Adequately preparing for mediation can help divorcing couples increase the likelihood that their disputes will be resolved without the complication and expense of going to trial. Whether financial issues are a concern, assets are at stake, or parenting time is up for debate, preparation should include identifying issues that need to be addressed, gathering relevant information and documentation, and developing a negotiation strategy to encourage a mutually acceptable agreement.
Identifying Topics of Concern and Evaluating Expectations
The first step in preparing for mediation is to identify the issues that need to be addressed and evaluate the expectations of each spouse. Spouses should consider how health and life insurance, personal property, real estate, vehicles, and other assets and debts should be divided. They should also think about spousal maintenance, parenting time if children are involved, and even who will care for the family pets.
Organizing Financial Documents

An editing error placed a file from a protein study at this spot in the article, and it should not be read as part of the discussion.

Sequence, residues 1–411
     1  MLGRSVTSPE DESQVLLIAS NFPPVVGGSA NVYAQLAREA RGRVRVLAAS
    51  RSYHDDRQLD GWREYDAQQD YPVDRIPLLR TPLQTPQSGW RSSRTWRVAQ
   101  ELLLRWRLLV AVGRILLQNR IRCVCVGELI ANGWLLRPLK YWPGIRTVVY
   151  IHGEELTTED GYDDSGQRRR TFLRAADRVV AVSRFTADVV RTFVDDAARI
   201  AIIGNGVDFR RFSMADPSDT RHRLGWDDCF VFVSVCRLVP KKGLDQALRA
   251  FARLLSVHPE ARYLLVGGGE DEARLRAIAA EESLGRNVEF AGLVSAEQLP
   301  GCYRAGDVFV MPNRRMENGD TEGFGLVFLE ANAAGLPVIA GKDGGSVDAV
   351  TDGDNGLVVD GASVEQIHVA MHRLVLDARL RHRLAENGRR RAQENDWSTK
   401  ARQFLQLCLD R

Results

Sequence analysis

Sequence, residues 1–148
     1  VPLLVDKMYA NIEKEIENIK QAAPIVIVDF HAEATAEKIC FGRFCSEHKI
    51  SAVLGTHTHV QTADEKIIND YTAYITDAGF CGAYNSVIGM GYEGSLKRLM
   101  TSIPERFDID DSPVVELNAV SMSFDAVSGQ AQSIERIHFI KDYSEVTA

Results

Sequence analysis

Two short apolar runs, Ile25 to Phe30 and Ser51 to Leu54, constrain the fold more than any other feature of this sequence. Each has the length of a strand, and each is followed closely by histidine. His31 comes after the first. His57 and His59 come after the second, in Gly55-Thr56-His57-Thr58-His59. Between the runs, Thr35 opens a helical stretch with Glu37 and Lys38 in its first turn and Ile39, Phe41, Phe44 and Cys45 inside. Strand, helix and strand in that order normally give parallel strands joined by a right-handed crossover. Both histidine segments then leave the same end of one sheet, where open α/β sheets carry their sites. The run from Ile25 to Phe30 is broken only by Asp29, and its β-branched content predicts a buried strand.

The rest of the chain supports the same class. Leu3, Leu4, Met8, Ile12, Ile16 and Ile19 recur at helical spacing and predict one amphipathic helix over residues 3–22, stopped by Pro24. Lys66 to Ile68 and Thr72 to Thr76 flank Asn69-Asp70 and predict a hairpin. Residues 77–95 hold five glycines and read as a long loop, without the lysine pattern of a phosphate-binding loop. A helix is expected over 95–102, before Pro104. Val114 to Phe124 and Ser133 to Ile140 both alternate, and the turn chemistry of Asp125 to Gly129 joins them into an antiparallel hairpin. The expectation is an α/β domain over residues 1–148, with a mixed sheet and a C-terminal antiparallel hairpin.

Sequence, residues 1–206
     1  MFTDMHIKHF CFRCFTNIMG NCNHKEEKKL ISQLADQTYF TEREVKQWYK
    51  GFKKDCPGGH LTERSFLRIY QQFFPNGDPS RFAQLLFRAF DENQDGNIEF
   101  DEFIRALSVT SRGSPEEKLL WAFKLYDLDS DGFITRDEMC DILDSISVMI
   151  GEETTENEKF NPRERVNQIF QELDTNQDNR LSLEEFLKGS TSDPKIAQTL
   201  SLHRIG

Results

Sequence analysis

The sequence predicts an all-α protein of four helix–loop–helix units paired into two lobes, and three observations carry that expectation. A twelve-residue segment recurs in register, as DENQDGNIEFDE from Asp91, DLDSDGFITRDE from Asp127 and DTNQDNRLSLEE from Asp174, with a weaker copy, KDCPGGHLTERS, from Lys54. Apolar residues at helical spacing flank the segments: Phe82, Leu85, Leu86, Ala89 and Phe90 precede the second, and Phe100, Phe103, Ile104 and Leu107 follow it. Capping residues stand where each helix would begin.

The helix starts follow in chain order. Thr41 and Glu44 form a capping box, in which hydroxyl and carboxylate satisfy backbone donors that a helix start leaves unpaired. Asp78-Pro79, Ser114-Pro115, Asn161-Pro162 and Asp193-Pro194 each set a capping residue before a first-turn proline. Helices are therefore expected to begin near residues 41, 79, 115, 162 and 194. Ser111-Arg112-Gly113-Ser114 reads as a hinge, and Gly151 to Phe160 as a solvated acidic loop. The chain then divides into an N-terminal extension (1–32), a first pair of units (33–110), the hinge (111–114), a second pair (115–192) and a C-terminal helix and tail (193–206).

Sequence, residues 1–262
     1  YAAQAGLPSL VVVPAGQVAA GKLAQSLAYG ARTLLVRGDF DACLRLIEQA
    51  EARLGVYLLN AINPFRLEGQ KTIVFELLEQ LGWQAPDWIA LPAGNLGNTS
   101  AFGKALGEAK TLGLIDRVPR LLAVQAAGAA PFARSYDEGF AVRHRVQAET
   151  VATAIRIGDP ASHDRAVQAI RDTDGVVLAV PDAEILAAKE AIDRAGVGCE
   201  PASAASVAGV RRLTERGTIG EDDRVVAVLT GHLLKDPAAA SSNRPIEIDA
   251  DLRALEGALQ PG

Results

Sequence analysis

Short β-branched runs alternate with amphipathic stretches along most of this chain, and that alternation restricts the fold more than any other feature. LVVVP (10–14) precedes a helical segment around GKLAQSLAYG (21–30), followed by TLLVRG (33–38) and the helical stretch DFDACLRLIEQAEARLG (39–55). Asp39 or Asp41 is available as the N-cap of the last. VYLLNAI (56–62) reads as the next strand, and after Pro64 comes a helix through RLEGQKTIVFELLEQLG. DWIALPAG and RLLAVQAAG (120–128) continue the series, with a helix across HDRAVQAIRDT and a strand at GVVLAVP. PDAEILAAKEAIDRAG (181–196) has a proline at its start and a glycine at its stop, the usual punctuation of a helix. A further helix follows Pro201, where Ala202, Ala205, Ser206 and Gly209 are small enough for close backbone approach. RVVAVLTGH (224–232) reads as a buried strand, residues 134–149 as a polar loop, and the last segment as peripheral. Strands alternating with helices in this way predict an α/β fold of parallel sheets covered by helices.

Couples must take inventory of their assets, including retirement funds, bank accounts, timeshares, and high-value household contents before beginning mediation. Debts and other shared expenses should also be listed. Organizing all of this on a spreadsheet helps many couples be prepared for the mediation process.
Gathering financial documents before mediation also helps guide negotiations, ensure accuracy, and divide property and debts equitably.
Divorce often includes heated debates and when couples give in to their emotions, negotiations will struggle. Before going to mediation, divorcing spouses should get their emotions under control so they will be able to focus on making wise decisions.
Couples Should View Mediation as Negotiation
Couples should remember that mediation is a negotiation, not a fight. They should use good negotiating tactics to arrive at a mutually beneficial agreement. To negotiate, each party needs to know what it is they want out of the proceedings. Defining this before heading to mediation will help couples come to a beneficial agreement.
A family law attorney can serve as a neutral mediator as long as neither party is hiring that attorney to represent him or her in the divorce. The mediation process can reduce much of the stress of the divorce process. By adequately preparing before mediation, many couples can skip the court process altogether.